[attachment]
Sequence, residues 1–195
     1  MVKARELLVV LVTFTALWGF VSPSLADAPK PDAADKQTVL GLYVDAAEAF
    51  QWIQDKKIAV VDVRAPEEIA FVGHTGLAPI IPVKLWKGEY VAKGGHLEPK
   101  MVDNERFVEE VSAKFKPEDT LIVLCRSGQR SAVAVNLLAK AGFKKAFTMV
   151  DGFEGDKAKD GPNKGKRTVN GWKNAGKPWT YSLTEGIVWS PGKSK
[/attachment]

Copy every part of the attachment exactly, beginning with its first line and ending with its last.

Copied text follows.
Sequence, residues 1–195
     1  MVKARELLVV LVTFTALWGF VSPSLADAPK PDAADKQTVL GLYVDAAEAF
    51  QWIQDKKIAV VDVRAPEEIA FVGHTGLAPI IPVKLWKGEY VAKGGHLEPK
   101  MVDNERFVEE VSAKFKPEDT LIVLCRSGQR SAVAVNLLAK AGFKKAFTMV
   151  DGFEGDKAKD GPNKGKRTVN GWKNAGKPWT YSLTEGIVWS PGKSK